22nd Jan 2021

Merkel and Sarkozy claim unity on car emissions

  • Mr Sarkozy (l) and Ms Merkel do not always see eye-to-eye (Photo: Consilium)

French president Nicolas Sarkozy and German chancellor Angela Merkel have said they have achieved "an important breakthrough" on controversial EU plans to reduce car emissions.

After holding talks in the German town of Straubing on Monday (9 June), the two leaders threw their weight behind a European Commission proposal to limit average CO2 emissions of new cars to 120 grammes/km from 2012.

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"We have made an important breakthrough on this subject where initially our positions were very, very far apart," Ms Merkel said, according to media reports, adding she was "very happy to be able to say that we both support the EU goal."

However, while backing the mandatory target as such, the two countries have also called for a "substantial" period to introduce such caps and for a softer line on penalties imposed if industry fails to deliver.

Under the EU's executive body proposal, new passenger cars entering the market in 2012 should have a mandatory carbon dioxide (CO2) emission cap of 120 grammes/km. If the binding target is missed, manufacturers will be fined €20 per gramme over the limit in 2012, rising to €35 in 2013, €60 in 2014, and €95 in 2015.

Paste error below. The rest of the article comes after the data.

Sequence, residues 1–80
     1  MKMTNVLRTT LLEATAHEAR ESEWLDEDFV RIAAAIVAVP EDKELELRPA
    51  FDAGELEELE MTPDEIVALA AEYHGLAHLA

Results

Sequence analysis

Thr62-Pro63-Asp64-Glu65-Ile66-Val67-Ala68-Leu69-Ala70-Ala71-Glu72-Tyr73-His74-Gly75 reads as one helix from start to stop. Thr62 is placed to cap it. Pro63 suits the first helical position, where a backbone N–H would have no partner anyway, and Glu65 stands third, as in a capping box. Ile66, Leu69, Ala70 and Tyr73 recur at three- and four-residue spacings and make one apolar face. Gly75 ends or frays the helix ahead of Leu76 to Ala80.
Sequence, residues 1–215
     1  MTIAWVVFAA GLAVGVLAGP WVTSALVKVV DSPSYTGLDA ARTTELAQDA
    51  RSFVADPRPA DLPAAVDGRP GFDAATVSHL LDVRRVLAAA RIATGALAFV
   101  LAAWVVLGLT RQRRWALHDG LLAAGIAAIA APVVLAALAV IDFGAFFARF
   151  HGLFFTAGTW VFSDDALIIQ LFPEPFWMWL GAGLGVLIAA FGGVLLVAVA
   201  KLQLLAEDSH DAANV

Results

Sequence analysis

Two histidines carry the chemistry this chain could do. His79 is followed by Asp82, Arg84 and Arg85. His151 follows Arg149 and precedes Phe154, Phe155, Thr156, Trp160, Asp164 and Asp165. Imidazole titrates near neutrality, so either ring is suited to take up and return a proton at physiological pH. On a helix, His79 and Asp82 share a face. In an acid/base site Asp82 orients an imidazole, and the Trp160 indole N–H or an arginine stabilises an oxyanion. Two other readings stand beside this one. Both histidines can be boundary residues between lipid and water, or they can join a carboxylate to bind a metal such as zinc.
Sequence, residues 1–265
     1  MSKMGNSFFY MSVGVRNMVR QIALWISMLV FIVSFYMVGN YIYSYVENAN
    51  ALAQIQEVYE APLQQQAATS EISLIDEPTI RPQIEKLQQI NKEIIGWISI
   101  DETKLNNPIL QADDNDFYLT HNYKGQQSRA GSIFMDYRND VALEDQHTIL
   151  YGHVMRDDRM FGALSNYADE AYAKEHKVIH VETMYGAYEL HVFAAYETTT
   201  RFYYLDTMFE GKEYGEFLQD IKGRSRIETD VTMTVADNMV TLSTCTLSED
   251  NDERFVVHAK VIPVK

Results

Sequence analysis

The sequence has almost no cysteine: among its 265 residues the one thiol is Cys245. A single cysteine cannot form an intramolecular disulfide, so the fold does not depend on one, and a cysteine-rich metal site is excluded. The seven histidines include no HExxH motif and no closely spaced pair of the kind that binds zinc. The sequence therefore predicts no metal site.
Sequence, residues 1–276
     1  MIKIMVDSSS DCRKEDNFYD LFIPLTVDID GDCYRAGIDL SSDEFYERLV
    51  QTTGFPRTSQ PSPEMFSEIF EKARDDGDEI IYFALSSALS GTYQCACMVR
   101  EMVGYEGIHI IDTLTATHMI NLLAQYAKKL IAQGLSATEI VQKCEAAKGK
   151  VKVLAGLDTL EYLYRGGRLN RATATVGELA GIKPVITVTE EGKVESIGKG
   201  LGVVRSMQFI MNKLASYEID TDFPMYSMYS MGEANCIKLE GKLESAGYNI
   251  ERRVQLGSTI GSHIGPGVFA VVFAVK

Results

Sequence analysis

France and Germany have previously clashed over the issue due to different market positions. While Germany is the chief producer of large, heavy vehicles such as BMW, Daimler and Porsche, French carmakers produce lighter, more energy-efficient automobiles, such as Peugeot and Renault.

"The details will still have to be worked out by our environment ministers, but we believe that this is giant step forward," Ms Merkel said about the compromise deal.

Paris is set to deal with the hot potato during the second half of this year, as the country assumes the EU presidency chair in July.

Oil prices caps

French president Nicolas Sarkozy also used the bilateral meeting with his German counterpart to push his proposal to introduce Europe-wide fuel tax cuts in the face of ongoing protests by truckers at the soaring cost of petrol.

"I have explained my position on oil taxes. The governments of all countries should think about it," Mr Sarkozy said, urging EU leaders to "find a common position when the time comes."

The idea has met with grumbling hostility around EU capitals from the start, with Ms Merkel saying on Monday "We have not taken a decision."

The European Commission, for its part, has previously warned that any subsidies or tax cuts would only play into hands of oil-exporting countries.

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